The introduction of any new node into a communication system raises the number of stakeholder relationships quadratically. If you only have two stakeholders, there is one relationship. Introduce a third stakeholder, and you’re up to three relationships. In a team of 50? Now you have 1,225 relationships to consider between all of your employees.

The formula that governs this is:

Of course, if you had 50 employees and didn’t have any of them talk to one another, or forced them to only communicate with a small number of colleagues, you’d run into other problems. The dissemination of information is key. The incorporation of stakeholder inputs into product development is key. All of these things necessitate that people talk to one another. Leave the legal team out of a new feature exploration, and you may find out too late what you want to do isn’t accounted for in your terms of service. Forget to call the accounting team, and they may later discover the negative margin impact of your idea.

And so we’ve reached an impasse. On the one hand, we want to reduce the number of communication channels to avoid “too many cooks in the kitchen.” On the other hand, we want to have enough communication channels so that all relevant stakeholders can weigh in.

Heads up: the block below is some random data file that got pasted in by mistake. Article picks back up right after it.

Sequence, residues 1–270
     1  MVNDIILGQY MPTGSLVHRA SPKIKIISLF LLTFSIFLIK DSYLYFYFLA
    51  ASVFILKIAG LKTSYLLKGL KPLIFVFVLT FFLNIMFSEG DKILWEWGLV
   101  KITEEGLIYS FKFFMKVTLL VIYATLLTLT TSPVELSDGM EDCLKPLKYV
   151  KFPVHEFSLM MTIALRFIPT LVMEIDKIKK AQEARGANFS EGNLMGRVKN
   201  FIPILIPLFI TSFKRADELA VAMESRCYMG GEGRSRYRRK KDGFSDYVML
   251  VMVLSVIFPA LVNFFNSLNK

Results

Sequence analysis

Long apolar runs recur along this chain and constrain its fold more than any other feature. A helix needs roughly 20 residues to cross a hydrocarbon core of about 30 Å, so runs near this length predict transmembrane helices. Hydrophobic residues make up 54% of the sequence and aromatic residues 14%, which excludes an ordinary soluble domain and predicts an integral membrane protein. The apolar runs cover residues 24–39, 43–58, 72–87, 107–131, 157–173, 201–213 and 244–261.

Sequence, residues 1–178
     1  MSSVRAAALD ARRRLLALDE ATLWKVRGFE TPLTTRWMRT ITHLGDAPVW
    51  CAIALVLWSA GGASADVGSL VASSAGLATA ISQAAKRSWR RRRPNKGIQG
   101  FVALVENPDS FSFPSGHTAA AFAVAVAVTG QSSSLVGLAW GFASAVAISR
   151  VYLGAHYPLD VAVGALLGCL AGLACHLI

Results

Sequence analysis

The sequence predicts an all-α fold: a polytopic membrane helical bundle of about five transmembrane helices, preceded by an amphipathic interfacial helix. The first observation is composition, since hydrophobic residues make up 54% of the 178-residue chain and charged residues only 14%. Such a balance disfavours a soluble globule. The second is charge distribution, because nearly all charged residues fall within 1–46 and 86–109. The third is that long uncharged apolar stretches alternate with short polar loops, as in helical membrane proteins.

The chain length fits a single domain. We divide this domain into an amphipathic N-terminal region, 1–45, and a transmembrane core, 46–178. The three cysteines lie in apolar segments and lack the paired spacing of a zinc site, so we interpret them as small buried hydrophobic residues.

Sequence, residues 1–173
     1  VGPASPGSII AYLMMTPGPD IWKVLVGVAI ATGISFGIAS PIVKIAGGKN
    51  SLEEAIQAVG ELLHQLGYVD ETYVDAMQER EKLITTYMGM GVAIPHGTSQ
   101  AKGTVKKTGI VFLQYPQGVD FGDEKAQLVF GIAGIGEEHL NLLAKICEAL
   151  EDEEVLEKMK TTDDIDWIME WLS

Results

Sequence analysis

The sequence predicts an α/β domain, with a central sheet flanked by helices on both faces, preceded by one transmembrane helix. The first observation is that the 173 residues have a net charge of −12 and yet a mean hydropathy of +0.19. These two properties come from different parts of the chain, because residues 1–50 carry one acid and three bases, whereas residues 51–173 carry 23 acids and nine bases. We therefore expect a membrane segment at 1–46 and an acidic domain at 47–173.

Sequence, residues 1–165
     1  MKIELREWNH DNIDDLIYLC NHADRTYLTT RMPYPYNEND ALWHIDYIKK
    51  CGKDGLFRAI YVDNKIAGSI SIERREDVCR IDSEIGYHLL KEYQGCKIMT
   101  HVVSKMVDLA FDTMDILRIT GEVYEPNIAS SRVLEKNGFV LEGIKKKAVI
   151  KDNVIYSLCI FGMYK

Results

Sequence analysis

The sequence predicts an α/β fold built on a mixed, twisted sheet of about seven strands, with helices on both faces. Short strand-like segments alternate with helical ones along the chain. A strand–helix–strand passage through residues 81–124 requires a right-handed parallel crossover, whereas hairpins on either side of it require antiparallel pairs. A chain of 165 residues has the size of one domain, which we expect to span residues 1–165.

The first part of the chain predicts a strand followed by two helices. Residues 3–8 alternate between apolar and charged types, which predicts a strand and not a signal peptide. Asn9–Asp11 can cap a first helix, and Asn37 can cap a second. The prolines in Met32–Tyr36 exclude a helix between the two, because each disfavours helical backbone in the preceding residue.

The Slippery Slope

We can graph what’s happening here. On one axis, productivity. On the other, alignment. The more your team members or sub-organizations need to be in sync, the less quickly they will execute their goals (because of the overhead of communicating). Conversely, the more you want to focus on productivity, efficiency, new feature creation, etc., the less your teams will be able to keep up with each other.

I’ve drawn a similar graph before in this newsletter. Several months ago, I wrote about the concept of The Push and Pull of Building Products, suggesting that there was a similar mathematical trade-off between focusing on the needs of your existing customers and focusing on the needs of the new ones.

In both graphs, a company is positioned somewhere along this curve. And that’s the case whether they choose their position or not. So they might as well choose their position.